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Jimmy Kimmel hands people an iPhone 4, they think it’s an iPhone X

by Justin Herrick | November 8, 2017November 8, 2017 3:30 pm PDT

There’s a new iPhone out, so Jimmy Kimmel is once again taking to the streets for a prank in which he gives people an old product and tells them it’s a new one.

It’s the iPhone 4 being not-so-subtly disguised as the iPhone X. Rather than handing them last year’s iPhone 7 or even the more recent iPhone 8, Kimmel’s street-based reporter is getting feedback on the 2010 model. It’s a way smaller than anything current with its 3.5-inch display; however, none of the people on Hollywood Boulevard in Los Angeles seem to realize they’re not actually holding the iPhone X.

Here’s the clip from last night’s Jimmy Kimmel Live:

Many of the participants comment on the iPhone 4’s small size, but some go further into detail about other areas. The display, processor, and camera all get mentioned. But the real humor from the prank comes when people analyze the design.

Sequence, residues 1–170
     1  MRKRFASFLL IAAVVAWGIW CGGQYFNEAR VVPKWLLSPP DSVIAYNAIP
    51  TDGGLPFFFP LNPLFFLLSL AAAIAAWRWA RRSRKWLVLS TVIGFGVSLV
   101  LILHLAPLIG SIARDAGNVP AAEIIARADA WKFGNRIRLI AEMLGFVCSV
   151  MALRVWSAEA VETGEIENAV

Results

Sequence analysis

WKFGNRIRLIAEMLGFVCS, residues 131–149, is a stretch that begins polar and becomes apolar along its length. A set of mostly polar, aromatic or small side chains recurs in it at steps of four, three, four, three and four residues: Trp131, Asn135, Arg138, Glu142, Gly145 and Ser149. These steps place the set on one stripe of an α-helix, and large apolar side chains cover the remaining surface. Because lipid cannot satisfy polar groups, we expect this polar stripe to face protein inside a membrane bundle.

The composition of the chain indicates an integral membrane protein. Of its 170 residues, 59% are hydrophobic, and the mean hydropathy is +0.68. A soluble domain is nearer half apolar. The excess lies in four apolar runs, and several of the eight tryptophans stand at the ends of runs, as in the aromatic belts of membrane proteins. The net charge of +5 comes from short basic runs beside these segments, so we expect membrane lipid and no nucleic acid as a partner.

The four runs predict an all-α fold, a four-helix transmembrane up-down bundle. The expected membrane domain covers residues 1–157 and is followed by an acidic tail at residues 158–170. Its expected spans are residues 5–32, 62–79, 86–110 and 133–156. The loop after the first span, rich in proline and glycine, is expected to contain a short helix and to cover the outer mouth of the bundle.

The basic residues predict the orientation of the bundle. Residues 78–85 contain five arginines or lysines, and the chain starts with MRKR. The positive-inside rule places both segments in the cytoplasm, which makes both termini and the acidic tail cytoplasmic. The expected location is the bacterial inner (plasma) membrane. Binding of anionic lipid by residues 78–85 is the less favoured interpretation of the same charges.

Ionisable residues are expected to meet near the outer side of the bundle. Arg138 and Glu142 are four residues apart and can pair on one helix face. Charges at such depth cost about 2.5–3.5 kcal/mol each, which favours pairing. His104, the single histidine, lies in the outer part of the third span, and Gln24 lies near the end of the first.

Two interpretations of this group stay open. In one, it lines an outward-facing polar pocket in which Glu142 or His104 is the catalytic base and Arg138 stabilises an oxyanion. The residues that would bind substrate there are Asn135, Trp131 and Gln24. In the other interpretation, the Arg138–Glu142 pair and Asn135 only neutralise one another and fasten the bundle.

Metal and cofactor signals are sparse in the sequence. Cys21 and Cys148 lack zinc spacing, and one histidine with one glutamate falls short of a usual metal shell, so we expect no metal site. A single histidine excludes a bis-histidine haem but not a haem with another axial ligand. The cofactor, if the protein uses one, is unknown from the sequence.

One man even says the iPhone 4, which was handed to him as an iPhone X, is “certainly small in the hand, and it’s a little bit thicker than the newer iPhone models that I’ve had.” Yet he never thinks to question whether or not he’s actually holding the iPhone X. He goes on to be impressed that Apple would bring high-end specifications in “such a small package.”

The reporter also fools two young women who definitely look like they’d be aware of everything about the iPhone X. Somehow, though, they have no idea they’re using an iPhone 4 and seem intrigued by the physical home button that’s been on every iPhone up until this year.

Another woman gets asked to describe the iPhone X in one word. Her answer? “Revolutionary,” which is what Apple would want you to say about the iPhone X in 2017 and not the iPhone 4. Others say “interesting,” “petit,” “different,” “newer,” “nice,” and “futuristic.”

Finally, at the end of the segment, a man gives the iPhone 4 back to the reporter after immediately realizing it’s not the iPhone X.


Justin Herrick

Justin is easily attracted to power buttons. His interest in technology started as a child in the 1990s with the original PlayStation, and two...

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